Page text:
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Dr Whisnant's letter speaks directly to the problem of differentiating between "benign" hematuria after exercise and hematuria that is secondary to the organic pathological condition of the urologic system. I agree that features of the hematuria itself and the presence or absence of the symptoms are unreliable in establishing this differential.The clinician must exercise clinical judgment in deciding which patients with hematuria should be subjected to invasive testing. Exercise-related hematuria appears to be common, self-limited, and resultant from some form of mucosal trauma to the lower urinary tract. Dr Whisnant agrees that such cases are common. In our study we found 18% of marathoners positive for some degree of hematuria. If 40,000 runners participate in marathons in the coming year, as indicated by projections from the National Running Data Center, then as many as 8,000 persons might be expected to manifest this abnormality.I cannot agree that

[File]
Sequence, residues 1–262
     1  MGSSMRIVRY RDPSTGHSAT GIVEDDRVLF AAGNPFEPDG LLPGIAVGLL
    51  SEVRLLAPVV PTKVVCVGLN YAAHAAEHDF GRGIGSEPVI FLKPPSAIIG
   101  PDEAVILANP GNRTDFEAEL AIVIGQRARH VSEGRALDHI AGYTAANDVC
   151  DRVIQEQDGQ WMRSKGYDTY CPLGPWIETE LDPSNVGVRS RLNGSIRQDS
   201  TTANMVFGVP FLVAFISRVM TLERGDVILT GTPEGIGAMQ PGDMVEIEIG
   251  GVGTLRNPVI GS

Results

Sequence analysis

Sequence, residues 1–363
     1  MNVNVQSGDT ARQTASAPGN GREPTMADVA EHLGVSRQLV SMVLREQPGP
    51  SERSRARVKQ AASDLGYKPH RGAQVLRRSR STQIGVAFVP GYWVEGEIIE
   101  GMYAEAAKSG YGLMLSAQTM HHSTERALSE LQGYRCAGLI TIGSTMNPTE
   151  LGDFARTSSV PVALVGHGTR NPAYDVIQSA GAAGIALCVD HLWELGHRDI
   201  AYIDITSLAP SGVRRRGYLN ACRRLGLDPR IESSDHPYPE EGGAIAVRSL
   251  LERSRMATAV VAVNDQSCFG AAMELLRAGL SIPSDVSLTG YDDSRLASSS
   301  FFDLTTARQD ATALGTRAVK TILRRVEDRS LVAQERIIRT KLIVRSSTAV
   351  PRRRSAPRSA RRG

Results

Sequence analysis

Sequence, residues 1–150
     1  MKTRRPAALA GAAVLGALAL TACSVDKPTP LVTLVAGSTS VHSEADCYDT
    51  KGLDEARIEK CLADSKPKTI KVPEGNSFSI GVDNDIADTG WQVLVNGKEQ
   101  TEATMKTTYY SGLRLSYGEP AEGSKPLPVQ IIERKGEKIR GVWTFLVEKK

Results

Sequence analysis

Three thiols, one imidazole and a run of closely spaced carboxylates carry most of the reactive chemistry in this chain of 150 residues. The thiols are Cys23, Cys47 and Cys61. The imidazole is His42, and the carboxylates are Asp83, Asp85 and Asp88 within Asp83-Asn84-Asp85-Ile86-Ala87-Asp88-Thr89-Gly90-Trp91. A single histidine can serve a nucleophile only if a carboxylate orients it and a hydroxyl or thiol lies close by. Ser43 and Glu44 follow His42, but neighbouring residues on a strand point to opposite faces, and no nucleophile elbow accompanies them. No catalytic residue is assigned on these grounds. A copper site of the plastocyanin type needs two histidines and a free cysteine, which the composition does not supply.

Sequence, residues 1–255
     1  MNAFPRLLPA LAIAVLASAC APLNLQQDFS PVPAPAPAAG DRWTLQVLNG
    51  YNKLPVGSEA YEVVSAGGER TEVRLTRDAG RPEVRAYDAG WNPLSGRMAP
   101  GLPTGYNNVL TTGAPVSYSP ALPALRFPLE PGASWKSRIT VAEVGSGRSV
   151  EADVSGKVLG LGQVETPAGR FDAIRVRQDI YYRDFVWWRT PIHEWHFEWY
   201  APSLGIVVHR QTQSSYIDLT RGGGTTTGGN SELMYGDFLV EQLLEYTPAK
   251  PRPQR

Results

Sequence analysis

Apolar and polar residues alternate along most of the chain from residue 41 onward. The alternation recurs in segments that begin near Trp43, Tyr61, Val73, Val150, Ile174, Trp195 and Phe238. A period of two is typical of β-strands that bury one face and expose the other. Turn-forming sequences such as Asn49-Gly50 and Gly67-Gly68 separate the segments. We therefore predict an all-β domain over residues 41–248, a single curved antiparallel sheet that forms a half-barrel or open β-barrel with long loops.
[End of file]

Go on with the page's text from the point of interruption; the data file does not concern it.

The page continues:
Siegel AJ. Exercise-Related Hematuria-Reply. JAMA. 1979;242(15):1610. doi:10.1001/jama.1979.03300150016008